Organization: Health Canada
Date published: 2018-10-15
Get the current facts about using cannabis for non-medical purposes while parenting young children. Talk with your health care provider about information on cannabis for medical purposes.
Cannabis is also known as marijuana, weed and pot. It has more than 700 chemical compounds. Hash and hash oil also come from the cannabis plant.
- Delta-9-tetrahydrocannabinol (THC) is the chemical compound that makes people feel high.
- THC content in cannabis has increased over the past several years.
- Cannabidiol (CBD) is another chemical compound known for its therapeutic use for pain, inflammation and anxiety.
- CBD does not make you feel high.
- CBD products may contain THC.
Until more is known about the short and long-term effects of cannabis, it is safest to avoid using cannabis when parenting and breastfeeding.
Risks of using cannabis
Second-hand cannabis smoke can be harmful, especially to children. It is safest not to smoke or vapourize cannabis at home or in a car.
Using cannabis daily, or almost daily, may have effects that last for several weeks, years, or never fully go away, even after stopping use. Some people may have a higher risk of:
- Developing a mental health problem
- Having an existing mental health problem worsen
- Having psychotic episodes
More research is needed to clearly understand all the possible health effects of cannabis use.
Although cannabis is a natural plant, it doesn’t make it safe when parenting.
Using cannabis may reduce a person’s ability to pay attention, make decisions or react to emergencies. This can affect how parents respond to a child’s needs and keep them safe. Parents can miss:
- Signs of danger
- Need to be comforted
- Cues for hunger
- Desire to play and learn
Using cannabis may affect parent-child interactions and attachment. The effects of cannabis can last for several hours.
Consuming cannabis in foods or drinks can make people feel higher than expected.
Because the effects are delayed, people may take more cannabis than they had planned.
It is important to be alert and to pay attention to your child’s cues.
Be sure that there is always someone available who is not high to take care of your child.
Cannabis products like cookies, gummy bears, brownies, lollipops, and shakes can look like a treat to a child.
Keep all cannabis products away from children.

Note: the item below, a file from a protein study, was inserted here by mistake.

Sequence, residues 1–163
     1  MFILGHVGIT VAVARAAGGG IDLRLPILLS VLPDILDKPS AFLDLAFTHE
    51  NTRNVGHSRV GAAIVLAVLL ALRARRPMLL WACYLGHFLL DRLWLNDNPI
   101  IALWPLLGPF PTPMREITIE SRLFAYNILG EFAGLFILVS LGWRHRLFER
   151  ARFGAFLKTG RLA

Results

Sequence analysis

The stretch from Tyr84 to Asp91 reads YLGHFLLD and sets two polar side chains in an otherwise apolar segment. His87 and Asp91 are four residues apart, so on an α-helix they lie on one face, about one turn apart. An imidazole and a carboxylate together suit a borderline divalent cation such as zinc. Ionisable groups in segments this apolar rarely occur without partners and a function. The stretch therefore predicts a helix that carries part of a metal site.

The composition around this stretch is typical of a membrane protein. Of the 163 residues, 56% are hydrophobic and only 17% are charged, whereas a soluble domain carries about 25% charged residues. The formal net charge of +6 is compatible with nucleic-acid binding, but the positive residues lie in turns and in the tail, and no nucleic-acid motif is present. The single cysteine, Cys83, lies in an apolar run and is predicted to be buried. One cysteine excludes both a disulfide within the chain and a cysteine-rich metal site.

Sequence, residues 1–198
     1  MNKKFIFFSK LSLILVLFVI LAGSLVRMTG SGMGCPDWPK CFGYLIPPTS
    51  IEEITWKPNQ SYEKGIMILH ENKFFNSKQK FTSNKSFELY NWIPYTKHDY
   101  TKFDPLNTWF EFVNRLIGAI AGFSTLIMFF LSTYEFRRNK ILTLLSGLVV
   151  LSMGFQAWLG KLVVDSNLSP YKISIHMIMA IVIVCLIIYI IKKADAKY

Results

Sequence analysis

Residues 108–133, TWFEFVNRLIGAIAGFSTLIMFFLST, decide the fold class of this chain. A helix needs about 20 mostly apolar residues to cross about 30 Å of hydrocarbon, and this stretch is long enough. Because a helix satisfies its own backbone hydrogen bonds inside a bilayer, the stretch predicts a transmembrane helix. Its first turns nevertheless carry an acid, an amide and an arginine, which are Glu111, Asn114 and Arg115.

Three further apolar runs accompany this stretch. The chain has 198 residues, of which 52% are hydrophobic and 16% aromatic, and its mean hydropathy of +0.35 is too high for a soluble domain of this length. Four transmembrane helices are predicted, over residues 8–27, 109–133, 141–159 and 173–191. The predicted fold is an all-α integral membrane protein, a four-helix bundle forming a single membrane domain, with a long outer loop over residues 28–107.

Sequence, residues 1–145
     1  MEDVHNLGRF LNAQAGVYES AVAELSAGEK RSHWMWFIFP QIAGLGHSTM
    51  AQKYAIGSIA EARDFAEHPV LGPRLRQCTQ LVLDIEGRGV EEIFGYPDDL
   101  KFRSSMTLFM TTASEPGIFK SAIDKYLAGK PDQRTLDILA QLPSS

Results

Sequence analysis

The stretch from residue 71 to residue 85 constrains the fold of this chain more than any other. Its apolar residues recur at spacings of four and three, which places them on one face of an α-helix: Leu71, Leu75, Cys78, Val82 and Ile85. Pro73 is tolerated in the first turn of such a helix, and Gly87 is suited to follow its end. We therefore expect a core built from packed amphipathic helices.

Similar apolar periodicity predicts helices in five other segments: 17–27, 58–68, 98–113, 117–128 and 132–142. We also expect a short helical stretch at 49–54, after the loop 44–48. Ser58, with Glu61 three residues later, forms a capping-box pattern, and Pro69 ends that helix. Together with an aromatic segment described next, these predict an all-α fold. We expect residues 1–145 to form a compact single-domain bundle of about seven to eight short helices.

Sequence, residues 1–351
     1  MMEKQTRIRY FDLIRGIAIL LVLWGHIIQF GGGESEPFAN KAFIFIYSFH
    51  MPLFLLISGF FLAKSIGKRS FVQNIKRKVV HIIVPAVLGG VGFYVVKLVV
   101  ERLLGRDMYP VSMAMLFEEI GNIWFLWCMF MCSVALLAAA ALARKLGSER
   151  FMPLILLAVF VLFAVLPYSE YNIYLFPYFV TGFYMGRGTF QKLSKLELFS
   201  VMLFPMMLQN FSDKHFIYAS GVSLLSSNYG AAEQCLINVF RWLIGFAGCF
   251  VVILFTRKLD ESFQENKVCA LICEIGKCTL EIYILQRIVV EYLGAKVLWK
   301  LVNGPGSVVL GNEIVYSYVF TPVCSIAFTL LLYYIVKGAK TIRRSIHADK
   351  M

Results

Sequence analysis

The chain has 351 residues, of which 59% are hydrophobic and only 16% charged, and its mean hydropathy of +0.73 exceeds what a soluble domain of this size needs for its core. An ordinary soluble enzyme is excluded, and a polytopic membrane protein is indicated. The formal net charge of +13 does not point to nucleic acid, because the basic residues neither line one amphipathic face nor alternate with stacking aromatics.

They can be harmful to a child. Watch for:
- Difficulty breathing
- Lack of coordination
- Slurred speech
- The signs and symptoms can vary from mild to severe.
- The body has to digest cannabis first to feel the effects, which can take some time.
- A child’s reaction may not be right away, but can show up hours later.
If you think your child ate/drank cannabis, get medical help right away.
Call 911 if your child seems ill or has difficulty breathing.
Be careful about safely storing and using cannabis in front of children.
- Store all cannabis products in a locked area and in child-resistant packaging.
- Make certain a child cannot see or reach the locked area.
- Don’t eat or smoke cannabis products in front of a child.
- Avoid using cannabis while caring for a child.
Cannabis impairs the ability to operate a motor vehicle safely. Even if you don’t feel high, using cannabis:
- Slows down reaction time and thinking skills.
- Makes it harder to judge distances.
Driving at a slower speed, when using cannabis, does not make it safer for the driver, for passengers and others on the road.
Even a small amount of cannabis distorts your perception.
Cannabis is unsafe when driving.
Cannabis passes into the breast milk. It can be stored in your baby’s fat cells and brain for weeks.
- Breastfeeding is the healthiest choice for your baby.
- If you need help to reduce or to stop cannabis use, ask your health care provider about support and services in your region.
If you are unable to stop using cannabis completely, try using less, and less often.
Learn about the effects of cannabis as new information becomes available:
- Cannabis in Canada. Get the facts
- Thinking of using cannabis before or during pregnancy
- Canada’s Lower-Risk Cannabis Use Guidelines (LRCUG)
Acknowledgement: The Public Health Agency of Canada would like to thank Best Start Resource Centre for adapting this resource based on their booklet, “Risks of Cannabis on Fertility, Pregnancy, Breastfeeding and Parenting” (2017). We would also like to thank the parents and experts who provided input into the document.